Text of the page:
15, 16 to 74 and over 75. NCHOD would normally produce annually, not quarterly, data.
Michael Gove: To ask the Secretary of State for Health how many carbon dioxide emissions permits have been allocated to hospitals; and what the emissions were for each NHS hospital included in the EU Emissions Trading Scheme in the first year of operation. 
Andy Burnham: One hundred and seven hospitals from the United Kingdom were operating in the European Union emissions trading scheme in 2005. A total of 879,241 allowances were issued in 2005 to those hospitals. The total of verified carbon dioxide emissions for those hospitals is 939,256 tonnes.
Lorely Burt: To ask the Secretary of State for Health what estimate her Department has made of the proportion of (a) cataracts, (b) cancer of the conjunctiva, (c) pterygium and (d) solar keratopathy resulting from exposure to sunlight; and what the estimated cost to the NHS was for the treatment of these conditions in the most recent year for which figures are available. 
Caroline Flint: The following table provides information on the finished consultant episodes (FCEs) for the four conditions identified in the question. It is not possible to separately identify the cost of the individual diagnoses relating to exposure to sunlight.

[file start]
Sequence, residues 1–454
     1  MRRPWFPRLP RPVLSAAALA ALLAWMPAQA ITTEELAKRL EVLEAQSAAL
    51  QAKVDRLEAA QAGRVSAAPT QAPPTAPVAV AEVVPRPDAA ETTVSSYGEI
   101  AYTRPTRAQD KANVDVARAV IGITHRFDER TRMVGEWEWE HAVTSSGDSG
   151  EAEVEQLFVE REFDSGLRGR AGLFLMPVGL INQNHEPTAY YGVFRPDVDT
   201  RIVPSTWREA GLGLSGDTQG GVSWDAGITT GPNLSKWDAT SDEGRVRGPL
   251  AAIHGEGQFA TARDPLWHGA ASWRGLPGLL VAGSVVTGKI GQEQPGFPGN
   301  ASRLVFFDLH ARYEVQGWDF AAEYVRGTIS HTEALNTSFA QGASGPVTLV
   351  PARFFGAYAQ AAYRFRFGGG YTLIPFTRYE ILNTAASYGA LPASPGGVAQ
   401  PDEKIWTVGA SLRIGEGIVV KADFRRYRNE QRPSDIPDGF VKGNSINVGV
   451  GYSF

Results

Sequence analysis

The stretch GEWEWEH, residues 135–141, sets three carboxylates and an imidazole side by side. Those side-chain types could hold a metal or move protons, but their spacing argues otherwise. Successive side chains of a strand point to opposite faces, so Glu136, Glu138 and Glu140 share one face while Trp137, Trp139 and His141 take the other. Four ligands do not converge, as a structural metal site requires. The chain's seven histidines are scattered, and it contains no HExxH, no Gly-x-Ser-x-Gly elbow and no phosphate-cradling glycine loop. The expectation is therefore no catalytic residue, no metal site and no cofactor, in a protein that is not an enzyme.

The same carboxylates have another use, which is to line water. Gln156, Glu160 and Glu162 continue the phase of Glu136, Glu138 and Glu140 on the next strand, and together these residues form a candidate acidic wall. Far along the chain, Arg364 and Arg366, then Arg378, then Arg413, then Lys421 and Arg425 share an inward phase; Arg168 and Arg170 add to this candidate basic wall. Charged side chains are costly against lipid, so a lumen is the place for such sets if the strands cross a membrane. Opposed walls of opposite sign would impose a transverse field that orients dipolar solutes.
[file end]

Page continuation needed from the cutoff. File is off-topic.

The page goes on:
|FCEs for 2004-05 for cataracts, cancer of the conjunctiva, pterygium and solar keratopathy|
|Primary diagnosis||Total episodes|
| Notes: 1. FCEs An FCE is defined as a period of admitted patient care under one consultant within one healthcare provider. Please note that the figures do not represent the number of patients, as a person may have more than one episode of care within the year. 2. Diagnosis (primary diagnosis) The primary diagnosis is the first of up to 14 (seven prior to 2002-03) diagnosis fields in the HES data set and provides the main reason why the patient was in hospital. 3. Ungrossed data Figures have not been adjusted for shortfall in data (that is the data was ungrossed). Source: Hospital Episode Statistics (HES), the Information Centre for health and social care.|
To ask the Secretary of State for Health how many eye tests were claimed for in (a) England and (b) each region in each of the last 10
years; and what percentage of those who had eye tests subsequently received (i) spectacles for the first time and (ii) replacement or repairs of spectacles. 
Ms Rosie Winterton: The tables showing the numbers of national health services sight tests, optical vouchers and repairs and replacements claimed for in each of the last 10 years for England and broken down by former strategic health authority area have been placed in the Library.
Vouchers are given to those in eligible groups to contribute towards the cost of spectacles or contact lenses. Eligible groups for repairs and replacements are children aged 16 and under, those in full-time education under 19 and other low-income groups.
Mr. Dunne: To ask the Secretary of State for Health what the average waiting time was for low vision assessments in (a) primary care trusts and (b) social services departments in (i) England and (ii) Shropshire in the last period for which figures are available.